By increasing the frequency of e-mails, the number of visits increased from 19,520 to 28,240 per month – increase in performance by 44% .
Wait, what about unsubscriptions?
The churn rate of the campaign does not usually increase with frequency. But the number of people who unsubscribe each month increases.
Does this sound like a contradiction? It's not.
Imagine that you have 200 contacts who unsubscribe each campaign. This number does not change much when you increase the frequency; it's still 200 per campaign.
If you send four campaigns a month, by the end of the month, 800 people will not be subscribers.
If you send eight campaigns a month, at the end of the month, 1,600 people will not subscribe.
Think of it like this. The more email you send, the greater the number of click and conversion opportunities. But you also provide more. chances to unsubscribe.
Increasing the frequency increases the number of people who unsubscribe over time, which reduces long-term revenues.
In addition, the fatigue of electronic mail, sometimes called opaque unsubscription, is an additional reduction factor. As the frequency increases, some subscribers remain on the list but open less often, or not at all.
The baseline statistics clearly show that response rates to campaigns are decreasing as the frequency increases.
Assembling the whole thing
The optimal frequency of e-mails is determined by searching for the maximum number of Web visits over a long period when these metrics report a reduced performance:
Campaign clickthrough rate decreases with frequency, as indicated by the criteria.
The size of the list decreases due to unsubscriptions, which reduces the success of future campaigns.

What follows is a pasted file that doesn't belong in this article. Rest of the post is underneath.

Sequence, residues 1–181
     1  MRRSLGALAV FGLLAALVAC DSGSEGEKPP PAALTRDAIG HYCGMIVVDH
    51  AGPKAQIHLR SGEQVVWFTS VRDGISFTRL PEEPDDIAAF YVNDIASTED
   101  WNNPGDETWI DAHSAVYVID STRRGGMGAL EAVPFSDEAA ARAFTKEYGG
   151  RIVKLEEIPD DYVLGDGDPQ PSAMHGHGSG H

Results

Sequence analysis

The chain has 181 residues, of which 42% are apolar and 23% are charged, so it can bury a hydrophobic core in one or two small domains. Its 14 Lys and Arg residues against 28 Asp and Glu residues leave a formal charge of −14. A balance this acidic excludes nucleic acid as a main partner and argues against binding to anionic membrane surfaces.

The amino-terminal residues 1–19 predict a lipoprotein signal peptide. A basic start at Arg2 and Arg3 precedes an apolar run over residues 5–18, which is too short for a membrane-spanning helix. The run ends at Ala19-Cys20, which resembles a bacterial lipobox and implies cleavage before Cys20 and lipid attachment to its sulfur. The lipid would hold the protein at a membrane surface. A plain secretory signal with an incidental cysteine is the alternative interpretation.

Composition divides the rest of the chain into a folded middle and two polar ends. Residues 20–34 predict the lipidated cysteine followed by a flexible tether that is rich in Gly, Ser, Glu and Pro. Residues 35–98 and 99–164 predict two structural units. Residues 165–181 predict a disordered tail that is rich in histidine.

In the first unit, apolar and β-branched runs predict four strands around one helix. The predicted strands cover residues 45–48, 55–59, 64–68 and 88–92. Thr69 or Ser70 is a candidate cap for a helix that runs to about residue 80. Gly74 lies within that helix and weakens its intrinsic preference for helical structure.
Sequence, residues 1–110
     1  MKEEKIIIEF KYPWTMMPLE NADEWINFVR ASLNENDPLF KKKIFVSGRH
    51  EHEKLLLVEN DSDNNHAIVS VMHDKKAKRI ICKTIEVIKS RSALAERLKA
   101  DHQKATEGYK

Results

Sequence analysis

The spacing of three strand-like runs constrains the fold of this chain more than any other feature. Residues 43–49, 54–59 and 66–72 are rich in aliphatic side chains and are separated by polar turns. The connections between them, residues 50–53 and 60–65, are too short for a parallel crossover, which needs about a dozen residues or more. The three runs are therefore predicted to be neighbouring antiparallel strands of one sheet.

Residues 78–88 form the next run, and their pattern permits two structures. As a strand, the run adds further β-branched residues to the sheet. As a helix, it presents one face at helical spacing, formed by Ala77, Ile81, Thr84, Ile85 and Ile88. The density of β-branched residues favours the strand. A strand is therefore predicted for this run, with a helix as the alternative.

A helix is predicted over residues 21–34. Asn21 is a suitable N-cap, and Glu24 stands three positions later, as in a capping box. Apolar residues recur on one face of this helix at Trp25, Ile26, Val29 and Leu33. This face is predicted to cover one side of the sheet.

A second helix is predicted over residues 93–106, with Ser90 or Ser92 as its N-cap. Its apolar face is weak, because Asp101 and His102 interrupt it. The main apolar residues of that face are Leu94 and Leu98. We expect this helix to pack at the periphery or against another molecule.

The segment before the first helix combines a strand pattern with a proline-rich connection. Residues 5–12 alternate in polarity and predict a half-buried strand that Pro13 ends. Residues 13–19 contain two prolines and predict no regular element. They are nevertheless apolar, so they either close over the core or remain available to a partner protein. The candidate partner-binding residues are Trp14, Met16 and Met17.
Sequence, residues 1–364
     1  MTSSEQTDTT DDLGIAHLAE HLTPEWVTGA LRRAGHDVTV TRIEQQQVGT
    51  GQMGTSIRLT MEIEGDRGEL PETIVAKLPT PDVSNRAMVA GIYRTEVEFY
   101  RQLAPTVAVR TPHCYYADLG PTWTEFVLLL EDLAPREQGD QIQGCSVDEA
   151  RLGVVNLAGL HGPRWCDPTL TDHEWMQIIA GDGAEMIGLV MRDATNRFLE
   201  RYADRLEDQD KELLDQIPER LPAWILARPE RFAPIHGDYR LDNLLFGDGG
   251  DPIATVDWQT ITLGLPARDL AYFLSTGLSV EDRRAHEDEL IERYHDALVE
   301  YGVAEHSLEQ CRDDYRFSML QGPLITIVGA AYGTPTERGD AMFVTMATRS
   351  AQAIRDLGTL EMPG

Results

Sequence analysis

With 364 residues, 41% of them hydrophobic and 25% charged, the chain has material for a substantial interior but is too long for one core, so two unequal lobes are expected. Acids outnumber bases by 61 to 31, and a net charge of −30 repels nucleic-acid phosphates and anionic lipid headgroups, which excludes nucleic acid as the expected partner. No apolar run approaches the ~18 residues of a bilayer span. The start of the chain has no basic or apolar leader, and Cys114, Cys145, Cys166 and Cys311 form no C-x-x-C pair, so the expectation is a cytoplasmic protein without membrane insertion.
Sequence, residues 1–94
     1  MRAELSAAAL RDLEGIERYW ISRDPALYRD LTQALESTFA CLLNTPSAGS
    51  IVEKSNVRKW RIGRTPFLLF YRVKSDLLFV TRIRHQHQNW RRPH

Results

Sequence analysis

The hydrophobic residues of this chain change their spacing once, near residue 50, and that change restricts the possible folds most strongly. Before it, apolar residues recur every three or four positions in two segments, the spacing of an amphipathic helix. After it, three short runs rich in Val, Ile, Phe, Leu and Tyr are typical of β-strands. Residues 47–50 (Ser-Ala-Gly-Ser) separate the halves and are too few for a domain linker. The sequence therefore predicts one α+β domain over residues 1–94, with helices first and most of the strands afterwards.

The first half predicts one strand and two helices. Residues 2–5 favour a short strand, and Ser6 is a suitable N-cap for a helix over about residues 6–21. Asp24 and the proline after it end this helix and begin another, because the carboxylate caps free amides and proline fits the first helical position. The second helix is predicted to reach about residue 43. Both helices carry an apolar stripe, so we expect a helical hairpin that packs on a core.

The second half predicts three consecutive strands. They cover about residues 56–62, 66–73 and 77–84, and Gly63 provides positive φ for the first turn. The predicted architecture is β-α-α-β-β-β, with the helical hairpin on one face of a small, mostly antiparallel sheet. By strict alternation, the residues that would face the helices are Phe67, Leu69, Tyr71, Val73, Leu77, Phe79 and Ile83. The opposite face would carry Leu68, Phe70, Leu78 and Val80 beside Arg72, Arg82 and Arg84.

The graph below shows the average number of Web visits per subscriber over three years compared to the weekly messaging frequency during these three years.
The impact of decreasing the click-through rate and churn more and more often results in lower performance as you move to the right of the chart.
The maximum number of visits is six emails per week although there is little difference in performance for frequencies of five to seven per week.
Do not forget that this analysis is after taking into account the fatigue of e-mails, unsubscription lists and any impact of the ability to deliverability of the Increase in frequency. Even with these impacts, the optimum is five to seven emails a week.
Only interested in the short term? It's the same analysis, but in the case where we optimize performance in just three months.
If you want to optimize your performance over the next three months, the answer is almost alarming. Send as much as you can. The impact of list fatigue and unsubscription does not bite in the short term.
But this will hurt your success for the following months, and I do not recommend it! It is better not to show this to the board if they only worry about the short term.
Healthy Lists Are Growing Lists
The list of cancellations and rebounds means that whatever the frequency of your emails, your list decreases over time.
Unlike the number of unsubscribers, the number of e-mail addresses becoming invalid and returning each year is not related to the frequency.